Thursday, July 20, 2017

Consuming fire

And the people complained in the hearing of the Lord about their misfortunes, and when the Lord heard it, his anger was kindled, and the fire of the Lord burned among them and consumed some outlying parts of the camp. 2 Then the people cried out to Moses, and Moses prayed to the Lord, and the fire died down. 3 So the name of that place was called Taberah, because the fire of the Lord burned among them (Num 11:1-3).

The account doesn't say what kind of fire this was. The pillar of fire is an obvious candidate. I've often remarked that descriptions of the pillar of fire are reminiscent of a fire devil. A mobile column of fire. A flaming tornado.

Of course, a fire devil is a natural phenomenon. I'd classify the pillar of fire as a preternatural phenomenon. Although it resembles a fire devil, it has a degree of stability and directionality unlike a fire devil.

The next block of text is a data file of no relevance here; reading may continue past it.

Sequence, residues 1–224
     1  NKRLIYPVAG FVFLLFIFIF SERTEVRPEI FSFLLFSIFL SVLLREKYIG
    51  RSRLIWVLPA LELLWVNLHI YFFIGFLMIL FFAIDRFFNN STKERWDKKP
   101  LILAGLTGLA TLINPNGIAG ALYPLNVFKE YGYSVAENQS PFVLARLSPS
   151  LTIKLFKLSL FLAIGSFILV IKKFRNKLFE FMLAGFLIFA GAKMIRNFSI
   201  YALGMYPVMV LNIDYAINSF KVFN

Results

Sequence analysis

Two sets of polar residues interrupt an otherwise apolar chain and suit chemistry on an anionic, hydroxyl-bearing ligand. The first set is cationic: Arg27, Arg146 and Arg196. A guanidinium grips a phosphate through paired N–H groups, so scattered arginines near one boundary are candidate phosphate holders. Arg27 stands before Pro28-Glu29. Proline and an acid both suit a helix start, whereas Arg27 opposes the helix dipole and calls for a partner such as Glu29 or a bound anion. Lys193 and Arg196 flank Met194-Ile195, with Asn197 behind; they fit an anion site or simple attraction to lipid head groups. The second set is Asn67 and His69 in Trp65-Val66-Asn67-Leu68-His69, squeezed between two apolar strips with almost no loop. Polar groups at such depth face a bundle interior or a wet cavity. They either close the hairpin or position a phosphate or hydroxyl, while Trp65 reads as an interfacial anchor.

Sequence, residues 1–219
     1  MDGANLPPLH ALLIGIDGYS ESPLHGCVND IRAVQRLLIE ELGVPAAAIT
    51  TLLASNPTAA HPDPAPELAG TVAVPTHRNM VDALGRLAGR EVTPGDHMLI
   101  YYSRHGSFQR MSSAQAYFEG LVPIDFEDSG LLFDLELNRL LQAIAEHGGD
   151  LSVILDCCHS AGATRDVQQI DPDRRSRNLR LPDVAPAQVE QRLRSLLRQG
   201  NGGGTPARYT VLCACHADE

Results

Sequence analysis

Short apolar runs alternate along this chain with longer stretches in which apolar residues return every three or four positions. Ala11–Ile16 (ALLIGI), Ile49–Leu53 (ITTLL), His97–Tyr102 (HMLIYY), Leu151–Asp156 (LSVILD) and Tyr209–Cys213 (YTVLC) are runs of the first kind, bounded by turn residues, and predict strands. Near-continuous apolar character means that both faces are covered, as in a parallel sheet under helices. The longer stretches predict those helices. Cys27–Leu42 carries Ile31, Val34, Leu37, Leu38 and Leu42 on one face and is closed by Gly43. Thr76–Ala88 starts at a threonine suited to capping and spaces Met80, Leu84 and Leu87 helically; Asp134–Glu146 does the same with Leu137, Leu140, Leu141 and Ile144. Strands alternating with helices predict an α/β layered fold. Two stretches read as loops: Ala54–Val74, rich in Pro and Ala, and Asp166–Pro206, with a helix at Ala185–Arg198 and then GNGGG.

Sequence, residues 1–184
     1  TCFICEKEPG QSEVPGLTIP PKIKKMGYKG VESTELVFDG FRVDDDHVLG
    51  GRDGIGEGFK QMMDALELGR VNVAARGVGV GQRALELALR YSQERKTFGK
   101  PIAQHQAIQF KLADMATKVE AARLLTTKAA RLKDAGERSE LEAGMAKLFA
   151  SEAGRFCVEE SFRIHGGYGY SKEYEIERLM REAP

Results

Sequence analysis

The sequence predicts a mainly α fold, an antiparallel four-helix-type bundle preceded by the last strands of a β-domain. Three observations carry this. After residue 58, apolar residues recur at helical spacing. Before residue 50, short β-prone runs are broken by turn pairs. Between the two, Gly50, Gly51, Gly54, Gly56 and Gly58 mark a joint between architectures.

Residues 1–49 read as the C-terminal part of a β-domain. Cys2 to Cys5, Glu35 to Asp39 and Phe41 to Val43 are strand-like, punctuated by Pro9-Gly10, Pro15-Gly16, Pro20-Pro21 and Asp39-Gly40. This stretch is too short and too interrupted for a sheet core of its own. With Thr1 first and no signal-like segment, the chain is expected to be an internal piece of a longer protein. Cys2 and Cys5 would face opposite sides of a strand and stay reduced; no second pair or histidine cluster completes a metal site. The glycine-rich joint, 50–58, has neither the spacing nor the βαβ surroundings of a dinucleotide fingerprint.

Imagine how terrifying this would be to the grumbling Israelites. Normally, the pillar of fire guides them and protects them. But if they're faithless, it can turn on them. 

Picturing God's judgment on apostates, Heb 12:29 calls God a "consuming fire". Although that may be metaphorical, it's an allusion to God's literally fiery judgments on the faithless Israelites in the wildness, who are counterparts to new covenant apostates. 

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